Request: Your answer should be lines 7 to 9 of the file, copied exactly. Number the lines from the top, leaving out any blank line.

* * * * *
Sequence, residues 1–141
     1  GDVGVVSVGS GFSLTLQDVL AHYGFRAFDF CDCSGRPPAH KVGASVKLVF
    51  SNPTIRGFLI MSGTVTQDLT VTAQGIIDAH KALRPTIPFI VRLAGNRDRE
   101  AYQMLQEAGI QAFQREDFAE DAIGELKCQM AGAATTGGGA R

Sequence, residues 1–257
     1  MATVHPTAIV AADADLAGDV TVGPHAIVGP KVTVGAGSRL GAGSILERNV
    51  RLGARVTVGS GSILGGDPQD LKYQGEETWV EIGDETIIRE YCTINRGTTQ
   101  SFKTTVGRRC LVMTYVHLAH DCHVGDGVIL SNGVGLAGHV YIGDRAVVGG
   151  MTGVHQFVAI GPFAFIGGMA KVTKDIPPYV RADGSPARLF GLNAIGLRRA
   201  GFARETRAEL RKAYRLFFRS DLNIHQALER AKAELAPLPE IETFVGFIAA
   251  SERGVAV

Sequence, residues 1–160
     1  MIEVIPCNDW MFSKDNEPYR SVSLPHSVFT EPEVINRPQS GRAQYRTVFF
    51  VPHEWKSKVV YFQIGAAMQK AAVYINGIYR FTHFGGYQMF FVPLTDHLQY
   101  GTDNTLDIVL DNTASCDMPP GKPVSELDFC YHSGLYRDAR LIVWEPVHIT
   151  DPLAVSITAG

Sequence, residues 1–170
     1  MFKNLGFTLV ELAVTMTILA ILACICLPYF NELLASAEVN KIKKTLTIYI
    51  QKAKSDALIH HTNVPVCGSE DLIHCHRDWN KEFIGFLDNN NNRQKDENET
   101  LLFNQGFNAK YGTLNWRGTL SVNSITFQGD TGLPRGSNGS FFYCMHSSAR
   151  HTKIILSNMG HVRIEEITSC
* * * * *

    51  RLGARVTVGS GSILGGDPQD LKYQGEETWV EIGDETIIRE YCTINRGTTQ
   101  SFKTTVGRRC LVMTYVHLAH DCHVGDGVIL SNGVGLAGHV YIGDRAVVGG
   151  MTGVHQFVAI GPFAFIGGMA KVTKDIPPYV RADGSPARLF GLNAIGLRRA